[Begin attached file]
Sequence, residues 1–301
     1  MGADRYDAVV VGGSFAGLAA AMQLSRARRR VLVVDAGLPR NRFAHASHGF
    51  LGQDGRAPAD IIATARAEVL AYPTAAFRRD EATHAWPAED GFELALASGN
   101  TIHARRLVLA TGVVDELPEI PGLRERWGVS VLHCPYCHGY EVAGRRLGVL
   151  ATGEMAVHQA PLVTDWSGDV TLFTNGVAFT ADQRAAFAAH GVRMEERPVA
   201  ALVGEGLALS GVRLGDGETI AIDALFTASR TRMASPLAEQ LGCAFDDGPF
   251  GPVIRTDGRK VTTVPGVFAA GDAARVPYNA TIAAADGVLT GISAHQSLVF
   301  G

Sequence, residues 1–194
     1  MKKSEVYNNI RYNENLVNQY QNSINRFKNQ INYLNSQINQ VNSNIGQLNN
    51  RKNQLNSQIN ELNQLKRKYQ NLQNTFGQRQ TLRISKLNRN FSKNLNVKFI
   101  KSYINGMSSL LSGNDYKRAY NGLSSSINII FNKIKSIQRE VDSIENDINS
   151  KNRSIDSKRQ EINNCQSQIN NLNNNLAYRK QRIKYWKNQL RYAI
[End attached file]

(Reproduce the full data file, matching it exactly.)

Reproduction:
Sequence, residues 1–301
     1  MGADRYDAVV VGGSFAGLAA AMQLSRARRR VLVVDAGLPR NRFAHASHGF
    51  LGQDGRAPAD IIATARAEVL AYPTAAFRRD EATHAWPAED GFELALASGN
   101  TIHARRLVLA TGVVDELPEI PGLRERWGVS VLHCPYCHGY EVAGRRLGVL
   151  ATGEMAVHQA PLVTDWSGDV TLFTNGVAFT ADQRAAFAAH GVRMEERPVA
   201  ALVGEGLALS GVRLGDGETI AIDALFTASR TRMASPLAEQ LGCAFDDGPF
   251  GPVIRTDGRK VTTVPGVFAA GDAARVPYNA TIAAADGVLT GISAHQSLVF
   301  G

Sequence, residues 1–194
     1  MKKSEVYNNI RYNENLVNQY QNSINRFKNQ INYLNSQINQ VNSNIGQLNN
    51  RKNQLNSQIN ELNQLKRKYQ NLQNTFGQRQ TLRISKLNRN FSKNLNVKFI
   101  KSYINGMSSL LSGNDYKRAY NGLSSSINII FNKIKSIQRE VDSIENDINS
   151  KNRSIDSKRQ EINNCQSQIN NLNNNLAYRK QRIKYWKNQL RYAI